A Win for Pro-Life and Pro-Choice Supporters?
Abortion is a topic in political discourse that most would agree is touchy at the best of times, and downright volatile at the worst. While much of the debate surrounding the issue concerns access to the procedure itself, some organizations such as the Canadian Pediatric Society have sought to address the issue by researching what preventative factors lead to unwanted pregnancies in the first place. Their conclusion was that one of the factors that could be addressed through policy was the level of access to contraceptive options. This led to their proposal in May of 2019 advocating the inclusion of all contraceptive options under provincial health care programs for all Canadians under the age of 25. This, they argue, would lower the total number of unwanted pregnancies and therefore the total number of abortions, possibly representing a new and less polarizing approach for both pro-choice and pro-life advocates.
The Canadian Pediatric Society (CPS) estimates that in 2014, the under-25 age demographic accounted for approximately 95,000 pregnancies. Of this number, 60,000 are estimated to be unintentional, and 30,000 ended in abortion. For those who believe abortions are morally wrong, there are obvious incentives to minimize the number of unwanted pregnancies, as it stands to reason that doing so would minimize the number of abortion procedures carried out. There are also good reasons for those who do not view abortions as morally wrong to support these same policies.
Firstly, undergoing an abortion has some serious health risks compared to other methods of contraception despite being largely considered a safe procedure by surgical standards, with the potential risk of infection of the womb (approximately 1/10 procedures), excessive bleeding (1/1000), and damage to the womb (1/250-1/1000). Contraceptives, on the other hand, are far safer, less invasive, and cheaper. Medically, there is no reason that abortion should be relied upon in lieu of modern contraception as a first line of prevention.
Despite this, contraceptive coverage in Canada is not universal and varies from province to province. This is in contrast to the fact that abortions, which have been decriminalized in Canada since 1988, are funded by all provincial healthcare plans. However, it should be noted that only abortions occurring up until a certain stage of the pregnancy are covered, and provinces are free to set this limit themselves, creating some discrepancies in access. While some would argue that implementing universal contraceptive coverage would represent a significant increase in government expenditure, this is simply not the case. According to the CPS, universal contraception coverage for all Canadians would actually result in reduced expenditure to the tune of 163 million dollars annually. The CPS claims this is the case due to the offset of direct medical costs, including abortions, that are associated with unwanted pregnancies.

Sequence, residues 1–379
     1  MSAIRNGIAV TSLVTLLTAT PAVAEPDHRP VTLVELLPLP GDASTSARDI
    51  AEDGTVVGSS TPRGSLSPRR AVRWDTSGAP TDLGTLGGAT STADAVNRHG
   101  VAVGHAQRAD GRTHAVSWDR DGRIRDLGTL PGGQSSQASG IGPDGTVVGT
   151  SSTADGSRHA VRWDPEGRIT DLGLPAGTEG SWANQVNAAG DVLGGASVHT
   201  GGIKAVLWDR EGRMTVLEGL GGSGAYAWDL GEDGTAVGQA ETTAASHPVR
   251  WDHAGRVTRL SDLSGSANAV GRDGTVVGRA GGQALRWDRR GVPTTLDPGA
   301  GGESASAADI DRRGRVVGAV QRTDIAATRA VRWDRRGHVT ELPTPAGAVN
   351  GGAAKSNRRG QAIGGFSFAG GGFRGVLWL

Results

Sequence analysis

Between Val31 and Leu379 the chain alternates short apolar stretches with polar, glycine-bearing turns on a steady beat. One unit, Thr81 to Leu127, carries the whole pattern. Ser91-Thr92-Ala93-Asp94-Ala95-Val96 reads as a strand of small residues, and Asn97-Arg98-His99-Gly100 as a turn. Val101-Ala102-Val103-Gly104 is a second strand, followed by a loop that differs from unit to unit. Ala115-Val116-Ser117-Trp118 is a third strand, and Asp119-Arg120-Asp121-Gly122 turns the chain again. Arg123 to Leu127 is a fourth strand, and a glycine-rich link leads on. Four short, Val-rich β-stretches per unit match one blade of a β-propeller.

Cost remains the primary obstacle in getting the contraception of choice for the under-25 age demographic. It has been demonstrated that adolescents are much more likely to use condoms if they are provided for free, and two-thirds of adolescents report that they would choose an IUD as their contraceptive method of choice assuming no cost. This is not without good reason; IUDs are essentially uterine implants that prevent pregnancies for up to 12 years. They are highly effective, and unlike other forms of birth control, they are not user-dependent. They are, however, the most expensive mainstream contraceptive option. Most individuals within this demographic tend to have less disposable income compared to older cohorts - adolescents are in most cases entirely financially dependent on their parents or legal guardians, who may not have the means or even be willing to pay for contraception for their child.
Despite this, data indicates that a majority of Canadians are sexually active by age 17. This is unlikely to change, and the evidence clearly suggests that many in the under-25 age demographic will risk pregnancy rather than use existing user-dependent alternatives. This is illustrated by the fact that 25% of sexually active young women who do not wish to become pregnant do not use contraception consistently or at all.
As described in a separate CPS study on the effective usage of contraception for youths, the more user-dependent the contraception, the less effective it is. This is the main reason that the CPS has argued that IUDs, which are already the gold standard in contraception, should become the standard for Canadian youth. If abortions are covered through medicare, it logically follows that cheaper and safer alternatives should be as well, especially for the under-25 demographic. Unwanted pregnancies are a legitimate medical concern, and healthcare policy should include more proactive measures to optimize both costs and care. The CPS’ ideas and suggestions are a good place for the government to start.